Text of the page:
The role of a link nurse in infection prevention and control (IPC): developing a link nurse framework (PDF 232.9 KB)
Link nurses (LNs) are commonly used to support many areas of specialist nursing practice within the UK. Practice areas which utilise LNs include diabetes, tissue viability, pain, nutrition and infection prevention and control (IPC). The RCN recognises the importance and popularity of LN systems in supporting clinical nurse specialists and IPC teams. This document forms part of a series of resources to support LNs, specialist teams, and managers who may be using or considering a LN system and specifically outlines the benefits of implementing LN roles for IPC. It describes the development of a role framework and associated competences in this area, based on the contribution of specialist infection control nurses and practising/aspiring LNs. Although this work has originated from, and uses, IPC examples, the principles of this work are relevant to LNs working in all specialties and a generic role framework has been provided for reference and adaptation (see Appendix 1).
Starting injectible treatment in adults with Type 2 diabetes: RCN guidance (PDF 723.1 KB)
Publication code: 002 254Publication date: 1 October 2012ISBN: 978-1-908782-11-3
Abstract:Novo Nordisk provided an unrestricted educational grant to support the production of this publication. More than 90 per cent of people with diabetes have Type 2 diabetes and the introduction of GLP 1 therapies in recent years has further increased the challenge of identifying the appropriate injectable therapy for patients, and how to explain that decision to the individual with diabetes. This new edition provides information relating to GLP 1 therapy action, including the implications for use and the aspects of education that need to be addressed with users. This guidance is intended for nurses new to insulin therapy, and includes an overview of the underlying principles for starting insulin along with practical tips on education, adjustment of doses, and dealing with difficult situations.
A shift in the right direction: RCN guidance (PDF 728.0 KB)
Publication code: 004 285Publication date: 4 October 2012ISBN: 978-1-908782-22-9
Abstract:The reality of 24-hour health care delivery means many health care workers are required to work shifts. The health and safety impacts of shift work are widely recognised. Long hours, fatigue and lack of rest breaks or time to recuperate between shifts are associated with an increased risk of errors. In addition, long-term exposure to shift work, particularly night shifts, has been associated with a whole range of health issues for workers ranging from gastrointestinal problems, cardiovascular problems and an increased susceptibility to minor illnesses such as colds. This publication is primarily aimed at RCN safety representatives to assist them in their work with employers to protect members and patients from the negative impacts of shift working. It is also a useful resource for health care managers or specialist advisers responsible for managing shift systems or supporting the health, safety and wellbeing of health care workers. Ideally, this publication should be read in conjunction with the RCN’s Spinning plates, guidance on flexible working. There are two versions of A shift in the right direction available, full length version, publication code 004 285 and short version, publication code 004 286.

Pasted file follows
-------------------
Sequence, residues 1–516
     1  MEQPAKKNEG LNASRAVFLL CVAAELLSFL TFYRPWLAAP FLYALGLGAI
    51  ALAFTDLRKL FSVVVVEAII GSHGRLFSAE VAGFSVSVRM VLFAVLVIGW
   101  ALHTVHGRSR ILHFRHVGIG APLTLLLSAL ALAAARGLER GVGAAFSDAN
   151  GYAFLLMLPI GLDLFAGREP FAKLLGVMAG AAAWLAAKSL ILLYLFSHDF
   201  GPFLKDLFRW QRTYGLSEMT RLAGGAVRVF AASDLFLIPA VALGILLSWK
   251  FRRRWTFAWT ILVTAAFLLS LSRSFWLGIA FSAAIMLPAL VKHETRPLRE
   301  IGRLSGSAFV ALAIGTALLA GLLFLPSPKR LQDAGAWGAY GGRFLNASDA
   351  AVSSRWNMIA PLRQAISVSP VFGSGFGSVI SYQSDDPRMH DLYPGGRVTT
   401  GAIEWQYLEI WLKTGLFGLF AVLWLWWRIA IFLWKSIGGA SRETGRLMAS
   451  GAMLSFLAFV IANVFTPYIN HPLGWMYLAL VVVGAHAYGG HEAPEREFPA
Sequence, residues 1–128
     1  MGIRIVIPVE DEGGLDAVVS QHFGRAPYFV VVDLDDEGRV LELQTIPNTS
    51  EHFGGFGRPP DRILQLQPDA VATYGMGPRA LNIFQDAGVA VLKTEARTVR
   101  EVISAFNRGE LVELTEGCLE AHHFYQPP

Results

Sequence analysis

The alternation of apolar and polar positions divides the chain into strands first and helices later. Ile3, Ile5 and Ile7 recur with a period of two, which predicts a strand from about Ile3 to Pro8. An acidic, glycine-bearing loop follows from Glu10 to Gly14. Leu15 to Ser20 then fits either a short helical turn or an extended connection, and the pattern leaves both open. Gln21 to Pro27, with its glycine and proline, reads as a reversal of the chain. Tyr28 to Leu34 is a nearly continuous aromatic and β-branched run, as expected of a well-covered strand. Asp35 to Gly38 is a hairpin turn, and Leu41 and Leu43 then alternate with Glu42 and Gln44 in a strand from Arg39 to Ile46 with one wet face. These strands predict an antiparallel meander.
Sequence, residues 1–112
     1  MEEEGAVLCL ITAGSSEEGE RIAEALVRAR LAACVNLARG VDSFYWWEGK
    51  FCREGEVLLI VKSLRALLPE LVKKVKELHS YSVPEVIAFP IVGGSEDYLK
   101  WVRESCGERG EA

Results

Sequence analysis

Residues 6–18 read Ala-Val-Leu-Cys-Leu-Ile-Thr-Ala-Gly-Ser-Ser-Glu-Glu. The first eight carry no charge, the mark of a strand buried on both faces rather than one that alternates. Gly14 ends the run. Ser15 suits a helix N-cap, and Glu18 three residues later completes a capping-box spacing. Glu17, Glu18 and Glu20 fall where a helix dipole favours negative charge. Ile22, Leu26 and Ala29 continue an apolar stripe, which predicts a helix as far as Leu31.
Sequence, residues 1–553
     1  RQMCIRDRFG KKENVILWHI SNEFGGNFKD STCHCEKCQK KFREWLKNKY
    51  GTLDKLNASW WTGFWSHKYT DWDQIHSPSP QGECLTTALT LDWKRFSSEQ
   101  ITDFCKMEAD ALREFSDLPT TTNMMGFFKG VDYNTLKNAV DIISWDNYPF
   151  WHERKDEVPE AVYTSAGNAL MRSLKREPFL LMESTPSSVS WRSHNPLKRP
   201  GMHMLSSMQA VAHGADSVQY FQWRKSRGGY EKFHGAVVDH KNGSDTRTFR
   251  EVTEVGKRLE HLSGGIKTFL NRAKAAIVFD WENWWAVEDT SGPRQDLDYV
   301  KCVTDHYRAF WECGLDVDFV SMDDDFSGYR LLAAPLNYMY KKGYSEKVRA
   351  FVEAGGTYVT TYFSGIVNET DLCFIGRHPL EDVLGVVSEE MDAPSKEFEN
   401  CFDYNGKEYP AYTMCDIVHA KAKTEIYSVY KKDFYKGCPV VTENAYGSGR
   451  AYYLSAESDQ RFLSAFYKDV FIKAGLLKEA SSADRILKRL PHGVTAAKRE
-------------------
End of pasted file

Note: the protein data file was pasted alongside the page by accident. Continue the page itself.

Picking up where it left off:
Ward rounds in medicine: Principles for best practice (PDF 1.8 MB)
Publication code: 004342Publication date: 3 October 2012ISBN:
Abstract:The Royal College of Nursing and the Royal College of Physicians are united in calling for ward rounds to be made the cornerstone of patient care. Medical ward rounds are complex clinical activities, critical to providing high-quality, safe care for patients in a timely, relevant manner. They have often been a neglected part of the planning and organisation of inpatient care. The current pressures of capacity and staffing levels mean that ward rounds happen while nurses, for example, are engaged in constant care delivery. The principles in the statement aim to address the common problems affecting the prominence of ward rounds and provide recommendations. Reinstating ward rounds will facilitate the delivery of compassionate care, enabling doctors and nurses to plan for care jointly.
Resources available to prevent suicide in seniors
The above information has been collated for the College of Nurses Aotearoa (NZ) Inc by Linda Stopforth, SNIPS, and is provided on a weekly basis. It is current as at Tuesday 30 October 2012